The eyes of Western energy companies will be focused next week on Tehran, where the second Caspian Sea Littoral States Summit will convene on Oct. 16.
The reason? Atop the meeting’s agenda is a discussion of the final status of the division of Caspian waters among the five littoral states of Azerbaijan, Russia, Iran, Kazakhstan and Turkmenistan, an issue that has bedeviled their relations since the 1991 collapse of the Soviet Union. While Azerbaijan, Iran and Kazakhstan have all tentatively begun to exploit energy reserves in their coastal sectors, an agreement could clear the way for massive new developments, particularly seabed oil and natural gas pipelines that could dramatically change the region’s economic landscape.
The issue has long divided the five nations, and the first Caspian summit was held in April 2002 in Ashgabat, Turkmenistan. Simply put, the issue is between what determines the states’ share of the waters — either coastline or an equitable 20 percent division among them. Iran, whose coastline is 13 percent of the Caspian shore, has persistently advocated a 20 percent division, while Russia, backed by Azerbaijan and Kazakhstan, has held out for a division based on coastal sovereignty.
For 15 years Turkmenistan proved the inscrutable element, sometimes siding with Moscow, other times leaning toward Teheran. The death last December of Turkmen President Saparmurat Niyazov and the accession of Gurbanguly Berdimuhammedov to the presidency has apparently removed the final political obstacle to a serious discussion of the issue. A measure of the importance the Kremlin attaches to the meeting is that Russian President Vladimir Putin is scheduled to visit Tehran next Monday to attend the summit.
Addressing journalists in Moscow, Russian Foreign Minister Sergei Lavrov sounded an upbeat tone about the meeting.
“The Caspian summit, which will take place in Tehran next week, should address a draft declaration of the Caspian states,” he said. “The draft was agreed upon at a meeting of the foreign ministers several months ago.
“It records consent on many — I would even say on most — issues that concern the future convention on the Caspian Sea’s legal status, and the signing of the declaration by the presidents of the five counties will become a very important step on the way toward the final settlement of all issues of this status.”
In Teheran, Foreign Ministry spokesman Seyed Mohammad Ali Hosseini was similarly optimistic.
“A discussion of the legal regime of the Caspian Sea and multilateral cooperation among the littoral states as well as a review of the regional and international issues are among the main agenda of the meeting,” he said. “Participant heads of states are expected to give out a final statement at the end of the summit.”
The summit, however, will not be immune from the political winds buffeting Iran. During an interview with Itar-Tass, Iranian President Mahmoud Ahmadinejad said, “We should not permit the Caspian question to turn into a challenge and a reason for anxiety of the Caspian states.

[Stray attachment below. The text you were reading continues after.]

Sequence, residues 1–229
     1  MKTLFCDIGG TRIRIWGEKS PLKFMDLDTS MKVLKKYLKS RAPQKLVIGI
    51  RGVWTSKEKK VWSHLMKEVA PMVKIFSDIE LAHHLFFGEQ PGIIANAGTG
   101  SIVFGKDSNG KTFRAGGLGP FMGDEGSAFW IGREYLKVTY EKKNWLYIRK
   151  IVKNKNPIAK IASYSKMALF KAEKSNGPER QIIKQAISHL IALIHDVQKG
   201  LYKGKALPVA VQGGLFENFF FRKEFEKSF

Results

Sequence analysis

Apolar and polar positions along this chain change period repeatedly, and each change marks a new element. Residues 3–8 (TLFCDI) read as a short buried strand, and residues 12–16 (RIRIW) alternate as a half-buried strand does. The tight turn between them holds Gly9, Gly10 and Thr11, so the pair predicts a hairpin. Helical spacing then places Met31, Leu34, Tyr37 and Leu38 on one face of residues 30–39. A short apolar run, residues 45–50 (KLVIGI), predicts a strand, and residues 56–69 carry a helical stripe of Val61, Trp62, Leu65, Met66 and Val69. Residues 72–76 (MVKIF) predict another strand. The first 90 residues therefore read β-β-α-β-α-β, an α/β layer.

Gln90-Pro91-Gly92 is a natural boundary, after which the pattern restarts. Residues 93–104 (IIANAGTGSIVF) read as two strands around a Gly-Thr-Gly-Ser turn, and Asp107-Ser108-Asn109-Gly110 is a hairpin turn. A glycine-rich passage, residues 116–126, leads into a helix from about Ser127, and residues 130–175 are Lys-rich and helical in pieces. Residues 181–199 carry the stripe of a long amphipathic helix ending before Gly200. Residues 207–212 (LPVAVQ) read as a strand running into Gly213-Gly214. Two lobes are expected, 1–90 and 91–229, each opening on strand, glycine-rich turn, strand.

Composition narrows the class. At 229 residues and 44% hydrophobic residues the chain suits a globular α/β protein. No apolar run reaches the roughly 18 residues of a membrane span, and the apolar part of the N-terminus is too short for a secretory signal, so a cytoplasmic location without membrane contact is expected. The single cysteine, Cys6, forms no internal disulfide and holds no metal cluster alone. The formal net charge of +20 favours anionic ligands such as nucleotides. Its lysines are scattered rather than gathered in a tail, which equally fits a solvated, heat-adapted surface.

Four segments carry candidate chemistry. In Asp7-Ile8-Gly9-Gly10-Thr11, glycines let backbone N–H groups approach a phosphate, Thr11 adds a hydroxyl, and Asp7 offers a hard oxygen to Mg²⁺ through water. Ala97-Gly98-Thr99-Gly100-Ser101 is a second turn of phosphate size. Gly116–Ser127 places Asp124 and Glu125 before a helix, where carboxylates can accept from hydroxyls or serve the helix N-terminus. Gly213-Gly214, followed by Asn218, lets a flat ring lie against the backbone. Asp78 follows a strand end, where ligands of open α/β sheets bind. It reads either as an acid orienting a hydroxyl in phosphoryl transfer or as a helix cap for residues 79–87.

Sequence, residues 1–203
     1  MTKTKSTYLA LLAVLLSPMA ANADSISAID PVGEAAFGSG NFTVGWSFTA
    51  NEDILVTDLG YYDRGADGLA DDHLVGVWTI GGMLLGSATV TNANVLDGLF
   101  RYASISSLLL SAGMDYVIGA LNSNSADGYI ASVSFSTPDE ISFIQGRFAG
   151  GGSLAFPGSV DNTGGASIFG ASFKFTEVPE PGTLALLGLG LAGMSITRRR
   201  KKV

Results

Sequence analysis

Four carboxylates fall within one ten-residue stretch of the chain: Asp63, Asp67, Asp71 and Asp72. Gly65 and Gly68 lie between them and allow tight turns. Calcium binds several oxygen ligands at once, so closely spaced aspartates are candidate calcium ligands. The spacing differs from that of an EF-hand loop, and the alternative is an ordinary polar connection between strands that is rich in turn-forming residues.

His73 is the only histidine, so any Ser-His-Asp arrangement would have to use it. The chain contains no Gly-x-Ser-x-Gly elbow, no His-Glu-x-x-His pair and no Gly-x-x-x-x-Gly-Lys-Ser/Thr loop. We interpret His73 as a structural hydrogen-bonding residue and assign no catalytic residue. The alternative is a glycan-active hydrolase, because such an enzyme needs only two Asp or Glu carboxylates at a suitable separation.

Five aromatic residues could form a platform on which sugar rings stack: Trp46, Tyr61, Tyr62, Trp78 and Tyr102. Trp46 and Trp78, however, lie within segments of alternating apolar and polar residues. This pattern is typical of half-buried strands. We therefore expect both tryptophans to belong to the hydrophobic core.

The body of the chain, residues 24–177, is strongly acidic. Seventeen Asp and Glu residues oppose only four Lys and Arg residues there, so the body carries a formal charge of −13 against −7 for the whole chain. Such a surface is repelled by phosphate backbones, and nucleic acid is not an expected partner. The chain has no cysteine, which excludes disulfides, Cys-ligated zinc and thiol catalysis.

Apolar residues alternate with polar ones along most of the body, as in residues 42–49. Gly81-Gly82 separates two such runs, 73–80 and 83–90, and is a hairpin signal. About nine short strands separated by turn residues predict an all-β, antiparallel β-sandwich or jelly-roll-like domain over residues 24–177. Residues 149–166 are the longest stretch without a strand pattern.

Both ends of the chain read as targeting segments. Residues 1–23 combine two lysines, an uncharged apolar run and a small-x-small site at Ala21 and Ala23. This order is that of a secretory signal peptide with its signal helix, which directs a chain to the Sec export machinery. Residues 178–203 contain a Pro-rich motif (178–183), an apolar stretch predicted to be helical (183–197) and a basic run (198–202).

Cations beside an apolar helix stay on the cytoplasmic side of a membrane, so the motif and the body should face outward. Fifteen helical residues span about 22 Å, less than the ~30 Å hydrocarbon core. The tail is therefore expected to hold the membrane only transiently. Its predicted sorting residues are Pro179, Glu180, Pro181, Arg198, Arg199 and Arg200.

“Turning the Caspian Sea into a zone of friendship and peace is more important than delimitation of its basin. Peoples, living in the Caspian region, have common history, culture and interests. We shall live together in peace and sisterly relations for hundreds of years to come.
“The Caspian Sea belongs to all of us. We should find a just distribution so that our friendly and sisterly relations would consolidate. There are formulas and criteria for delimitation. We believe that using goodwill and interest of the littoral states, we shall reach mutual understanding.”
Goodwill aside, the five nations all still have differing political agendas that may make achieving consensus difficult, if not impossible. Iran has been subjected to U.S. economic isolation since its 1979 Islamic revolution, and Washington would be loath to see any agreement that weakened its sanctions policy. Washington similarly has promoted Caspian export pipeline routes bypassing Russia. Moscow controls Kazakh exports via the Caspian Pipeline Consortium line, which terminates at Russia’s Novorossiysk port on the Sea of Azov, giving both Moscow and Teheran a common interest in thwarting proposed undersea Caspian pipelines that would bypass both nations.
Only Azerbaijan has escaped Moscow’s pipeline monopoly, sending its energy exports via the Baku-Supsa and Baku-Tbilisi-Ceyhan pipelines to Western markets.
The immediate prize is Turkmenistan’s vast natural gas reserves, estimated to be the world’s fifth largest. Washington has been eagerly promoting a Caspian seabed pipeline that would terminate in Baku, again allowing Turkmen gas exports to bypass both Russia and Iran. But a final resolution of the Caspian’s waters would prove a powerful magnet for Western investment, as current Caspian offshore development is limited to Azerbaijan, Kazakhstan and more modest efforts by Iran. Given that offshore drilling is largely a Western specialty, it stands to reason the Caspian nations would avidly court Western companies able to help them exploit their newly defined aquatic resources. It will be interesting indeed to see next week if greed trumps ideology, allowing the exploitation of the Caspian’s final frontier, which holds according to some estimates up to 200 billion barrels of recoverable oil. With oil trading at more than $80 a barrel, it seems more than likely the Caspian littoral states will attempt to strike a reasonable compromise.